The tornado season in the US has been the most prolific in years due to unique weather conditions. Picture: Kyle Rivas/Getty Images/AFP.
The tornado season in the US has been the most prolific in years due to unique weather conditions. Picture: Kyle Rivas/Getty Images/AFP.

‘Mothership’ supercell rips Tornado Alley

A storm supercell dubbed the "mothership" has ripped through the US in one of the most prolific tornado seasons in years.

The last two weeks have seen a volatile weather mix of warm moist air from the Southeast and persistent cold from the Rockies clash and stall over the Midwest, including Kansas and Nebraska.

On Monday, the U.S. tied its current record of 11 consecutive days with at least eight tornadoes confirmed on each of those days, said Patrick Marsh, warning coordination meteorologist for the federal Storm Prediction Center. The previous 11-day stretch of at least eight tornadoes per day ended on June 7, 1980.

"We're getting big counts on a lot of these days and that is certainly unusual," Marsh said.

Stormchasers are having a field day with pictures of a supercell near Imperial, Nebraska dubbed the "Imperial Mothership".

Stormchaser Freddy McKinney posted a video describing it as "the most amazing storm I have ever seen" with "insane motion".

"Storm structure doesn't get any better than this and this was easily a top 3 storm chase for me," he wrote.

Fairfax photographer Nick Moir said the storm is being called the "most beautiful cell of the decade."

The US National Weather Service has received 934 tornado reports so far this year, up from the yearly average of 743 observed tornadoes.

More than 500 of those reports came in the last 30 days. The actual number is likely lower, however, because some of the reports probably come from different witnesses who spot the same twister.

 

 

 

 

Houses in Celina, Ohio are obliterated while their neighbours remain in tact. Picture: Ryan Snyder/Daily Standard via AP.
Houses in Celina, Ohio are obliterated while their neighbours remain in tact. Picture: Ryan Snyder/Daily Standard via AP.

The U.S. has experienced a lull in the number of tornadoes since 2012, with tornado counts tracking at or below average each year and meteorologists still working to figure out why.

"A lot of people are trying to answer that, but there's no definitive answer," Marsh said.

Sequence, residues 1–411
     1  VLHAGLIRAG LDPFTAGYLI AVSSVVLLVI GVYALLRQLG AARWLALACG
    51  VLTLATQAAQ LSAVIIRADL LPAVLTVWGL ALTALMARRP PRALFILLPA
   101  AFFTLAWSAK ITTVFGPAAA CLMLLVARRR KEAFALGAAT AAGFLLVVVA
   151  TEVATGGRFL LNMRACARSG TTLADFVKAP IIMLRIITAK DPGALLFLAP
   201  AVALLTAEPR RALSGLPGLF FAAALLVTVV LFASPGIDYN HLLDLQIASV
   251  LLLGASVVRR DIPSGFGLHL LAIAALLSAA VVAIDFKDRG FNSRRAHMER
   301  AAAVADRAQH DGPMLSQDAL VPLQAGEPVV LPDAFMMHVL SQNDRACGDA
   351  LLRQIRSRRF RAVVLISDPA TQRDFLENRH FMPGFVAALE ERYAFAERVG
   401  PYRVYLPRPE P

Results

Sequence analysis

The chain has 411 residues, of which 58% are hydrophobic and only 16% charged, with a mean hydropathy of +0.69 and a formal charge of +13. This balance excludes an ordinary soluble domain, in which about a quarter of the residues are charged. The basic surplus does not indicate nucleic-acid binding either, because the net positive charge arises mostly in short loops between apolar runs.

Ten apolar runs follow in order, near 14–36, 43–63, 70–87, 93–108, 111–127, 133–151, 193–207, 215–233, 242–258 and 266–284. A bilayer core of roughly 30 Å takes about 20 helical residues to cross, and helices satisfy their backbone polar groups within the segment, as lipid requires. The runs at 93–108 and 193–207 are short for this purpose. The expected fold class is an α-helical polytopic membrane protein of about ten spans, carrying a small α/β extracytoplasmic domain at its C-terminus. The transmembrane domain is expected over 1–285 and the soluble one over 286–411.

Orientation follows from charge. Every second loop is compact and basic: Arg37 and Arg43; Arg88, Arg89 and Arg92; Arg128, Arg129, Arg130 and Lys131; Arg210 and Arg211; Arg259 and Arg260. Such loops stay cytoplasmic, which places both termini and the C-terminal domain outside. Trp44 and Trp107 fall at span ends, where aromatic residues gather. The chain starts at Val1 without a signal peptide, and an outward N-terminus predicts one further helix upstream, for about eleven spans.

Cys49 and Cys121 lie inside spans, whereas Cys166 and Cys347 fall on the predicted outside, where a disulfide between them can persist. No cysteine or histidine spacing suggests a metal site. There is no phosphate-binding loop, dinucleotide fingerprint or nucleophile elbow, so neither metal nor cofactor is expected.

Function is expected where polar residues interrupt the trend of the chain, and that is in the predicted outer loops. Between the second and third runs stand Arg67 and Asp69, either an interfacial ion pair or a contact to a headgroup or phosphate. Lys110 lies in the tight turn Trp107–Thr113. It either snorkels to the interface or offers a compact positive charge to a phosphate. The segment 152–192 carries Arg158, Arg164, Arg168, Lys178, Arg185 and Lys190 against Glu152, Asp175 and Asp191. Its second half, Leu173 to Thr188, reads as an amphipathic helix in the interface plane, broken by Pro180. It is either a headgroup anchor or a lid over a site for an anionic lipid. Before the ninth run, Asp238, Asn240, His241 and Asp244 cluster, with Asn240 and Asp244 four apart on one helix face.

The recent surge in tornado activity over the past two weeks was driven by high pressure over the Southeast and an unusually cold trough over the Rockies that forced warm, moist air into the central U.S., sparking repeated severe thunderstorms and periodic tornadoes.

"Neither one of these large systems -the high over the Southeast or the trough over the Rockies- are showing signs of moving," Marsh said.

"It's a little unusual for them to be so entrenched this late in the season." Those conditions are ripe for the kind of tornadoes that have swept across the Midwest in the last two weeks, said Cathy Zapotocny, a meteorologist for the weather service in Valley, Nebraska. Zapotocny said the unstable atmosphere helped fuel many of the severe winter storms and subsequent flooding that ravaged Nebraska, Iowa and Missouri earlier this year.

"We've been stuck in this pattern since February," she said. Zapotocny said the number of tornadoes this year was "basically normal" until the surge this week.

May is typically the month with the highest incidence of tornadoes, usually in the Plains and Midwestern states collectively known as Tornado Alley, where most of this year's twisters have hit.

So far this year, 38 people have died in 10 tornadoes in the United States, including a combined seven within the last week in Iowa, Missouri, Oklahoma and Ohio.

The relative quiet in recent years followed the massive tornado that killed 161 people and injured more than 1,100 in Joplin, Missouri, in 2011. The EF5 storm packed winds in excess of 200 mph and was on the ground for more than 22 miles. Scientists also say climate change is responsible for more intense and more frequent extreme weather such as storms, droughts, floods and fires, but without extensive study they cannot directly link a single weather event to the changing climate.

 

The River's Edge apartment complex in Dayton Ohio. Picture: AP Photo/John Minchillo.
The River's Edge apartment complex in Dayton Ohio. Picture: AP Photo/John Minchillo.